TOPICS

 (1)

While some quadratic maps are solvable in closed form (for example, the three solvable cases of the logistic map), most are not.

A simple example of a quadratic map with a closed-form solution is

 (2)

with , which has solution , the first few terms of which for , 1, ... are 2, 4, 16, 256, 65536, 4294967296, ... (OEIS A001146).

Another example is the number of "strongly" binary trees of height , given by

 (3)

with . The first few terms are 2, 5, 26, 677, 458330, 210066388901, 44127887745906175987802, ... (OEIS A003095) This recurrence has the "analytic" solution

 (4)

where

 (5) (6)

(OEIS A077496) and is the floor function (Aho and Sloane 1973).

A third example is the closest strict underapproximation of the number 1,

 (7)

where are integers. The solution is given by the recurrence

 (8)

with . The resulting sequence is known as Sylvester's sequence and has first few terms 2, 3, 7, 43, 1807, 3263443, 10650056950807, ... (OEIS A000058). This has a closed solution as

 (9)

where

 (10) (11)

(OEIS A076393; Aho and Sloane 1973, Vardi 1991, Graham et al. 1994).

The well-known recurrence

 (12)

that is often called "the" quadratic map is not in general solvable in closed form. This is the real version of the complex map defining the Mandelbrot set. Fixed points of this map occur when

 (13)
 (14)
 (15)

Period two fixed points occur when

 (16) (17) (18) (19)

Dropping the subscripts and factoring gives

 (20)

Solutions therefore occur when

 (21)

Period three fixed points occur when

 (22)

Another example of a quadratic map with a closed-form solution is the case with

 (23)

This has solution

 (24)

where

 (25)

Similarly, the case with

 (26)

has solution

 (27)

where

 (28)

(Little).

The most general second-order two-dimensional map with an elliptic fixed point at the origin has the form

 (29) (30)

The map must have a determinant of 1 in order to be area-preserving, reducing the number of independent parameters from seven to three. The map can then be put in a standard form by scaling and rotating to obtain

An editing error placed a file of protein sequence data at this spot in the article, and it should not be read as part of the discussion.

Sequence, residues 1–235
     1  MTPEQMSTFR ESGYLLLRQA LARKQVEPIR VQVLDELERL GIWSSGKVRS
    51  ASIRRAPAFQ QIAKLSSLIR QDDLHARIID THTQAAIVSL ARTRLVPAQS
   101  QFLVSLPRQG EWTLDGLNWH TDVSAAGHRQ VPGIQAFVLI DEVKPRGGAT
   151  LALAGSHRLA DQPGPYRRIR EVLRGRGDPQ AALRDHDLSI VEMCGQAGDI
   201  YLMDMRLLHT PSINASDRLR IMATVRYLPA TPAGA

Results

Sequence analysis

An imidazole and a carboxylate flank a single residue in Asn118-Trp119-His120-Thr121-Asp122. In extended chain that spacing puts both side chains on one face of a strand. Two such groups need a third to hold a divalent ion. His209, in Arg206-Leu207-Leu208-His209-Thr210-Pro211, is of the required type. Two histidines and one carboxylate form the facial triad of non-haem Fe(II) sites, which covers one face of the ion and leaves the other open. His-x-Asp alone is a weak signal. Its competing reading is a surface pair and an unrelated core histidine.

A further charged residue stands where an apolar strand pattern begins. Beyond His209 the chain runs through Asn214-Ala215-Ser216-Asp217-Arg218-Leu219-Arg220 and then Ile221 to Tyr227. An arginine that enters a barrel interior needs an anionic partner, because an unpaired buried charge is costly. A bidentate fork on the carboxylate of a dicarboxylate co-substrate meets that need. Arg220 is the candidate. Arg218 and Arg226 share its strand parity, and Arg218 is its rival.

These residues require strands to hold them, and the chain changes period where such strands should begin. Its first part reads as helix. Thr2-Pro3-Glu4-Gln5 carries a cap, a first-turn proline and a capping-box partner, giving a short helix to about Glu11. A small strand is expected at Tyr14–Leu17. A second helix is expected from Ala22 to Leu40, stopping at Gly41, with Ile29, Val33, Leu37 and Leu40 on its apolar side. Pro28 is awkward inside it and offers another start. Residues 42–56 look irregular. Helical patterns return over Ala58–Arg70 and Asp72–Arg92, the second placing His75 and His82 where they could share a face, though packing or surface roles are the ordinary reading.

(31) (32)

The inverse map is

 (33) (34)

The fixed points are given by

 (35)

for , ..., .

Bogdanov Map, Hénon Map, Julia Set, Linear Recurrence Equation, Logistic Map, Lozi Map, Mandelbrot Set, Quadratic, Quadratic Equation, Quadratic Formula, Quadratic Recurrence Equation, Recurrence Equation, Strange Attractor, Sylvester's Sequence

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## References

Aho, A. V. and Sloane, N. J. A. "Some Doubly Exponential Sequences." Fib. Quart. 11, 429-437, 1973.Finch, S. R. "Quadratic Recurrence Constants." §6.10 in Mathematical Constants. Cambridge, England: Cambridge University Press, pp. 443-448, 2003.Graham, R. L.; Knuth, D. E.; and Patashnik, O. Research problem 4.65 in Concrete Mathematics: A Foundation for Computer Science, 2nd ed. Reading, MA: Addison-Wesley, 1994.Little, M. "Novel Exact Solutions to Special Cases of the Quadratic Map." http://homepage.ntlworld.com/little_mm/quadrams.html.Sloane, N. J. A. Sequences A000058/M0865, A001146/M1297, A003095/M1544, A076393, and A077496 in "The On-Line Encyclopedia of Integer Sequences."Sprott, J. C. "Automatic Generation of Strange Attractors." Comput. & Graphics 17, 325-332, 1993. Reprinted in Chaos and Fractals, A Computer Graphical Journey: Ten Year Compilation of Advanced Research (Ed. C. A. Pickover). Amsterdam, Netherlands: Elsevier, pp. 53-60, 1998.Vardi, I. "Are All Euclid Numbers Squarefree?" and "PowerMod to the Rescue." §5.1 and 5.2 in Computational Recreations in Mathematica. Reading, MA: Addison-Wesley, pp. 82-89, 1991.